Is Bitcoin bad? Risk and virtual currencies
The UK Treasury and EU plan to regulate crypto-currencies amid growing concerns that they used for money laundering, terrorist financing, tax evasion and other financial crime.
With no central bank, no inflation, and no trace-ability (as traders have until now enjoyed anonymity), virtual currencies have a number of backers, with Bitcoin reaching record highs over the last few weeks.
Amendments to the anti-money laundering directive are being negotiated to ensure greater transparency and control. Under the plans, traders' identities must be disclosed, and online platforms need to conduct due diligence on customers and report suspicious activity.
Is this an overreaction or a long overdue measure? Was Jamie Dimon right all along?
Potential risks of virtual currencies
Based on FATF research, here's a reminder of the potential risks of virtual currencies:
- Anonymity - anonymous transfers between buyers and sellers enable transactions to take place below the radar. There are no names, no account numbers and no verification checks, with the source of funding never identified.
- Lack of oversight - suspicious trading activity goes undetected as there are no AML systems. Law enforcement is complex as there is no central administrator and asset seizures are difficult.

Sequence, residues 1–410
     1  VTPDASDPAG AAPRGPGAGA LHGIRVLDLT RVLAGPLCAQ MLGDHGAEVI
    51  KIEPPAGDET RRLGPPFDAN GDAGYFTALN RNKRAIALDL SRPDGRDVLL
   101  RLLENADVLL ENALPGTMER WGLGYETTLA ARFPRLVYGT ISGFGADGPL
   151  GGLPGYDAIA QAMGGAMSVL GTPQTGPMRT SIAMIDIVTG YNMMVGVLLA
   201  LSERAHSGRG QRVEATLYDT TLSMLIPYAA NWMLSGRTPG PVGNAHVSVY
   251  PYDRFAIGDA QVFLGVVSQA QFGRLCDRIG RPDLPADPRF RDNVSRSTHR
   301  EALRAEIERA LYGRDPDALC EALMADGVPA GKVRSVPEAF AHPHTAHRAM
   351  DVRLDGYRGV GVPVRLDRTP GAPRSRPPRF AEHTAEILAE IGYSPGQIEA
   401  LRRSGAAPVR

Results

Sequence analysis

- Global transfers - with a global reach to any jurisdiction (all you need is a mobile phone), the AML/CTF risks are increased. Supervision and enforcement can be more challenging, though not impossible (for example, Silk Road, AlphaBay, Liberty Reserve and Western Express International). What if centralised virtual currency systems deliberately seek out territories with weak AML/CTF regimes?
- Volatility - the currency's extreme volatility also makes it attractive to high-risk traders. What control measures are currently in place in your organisation?
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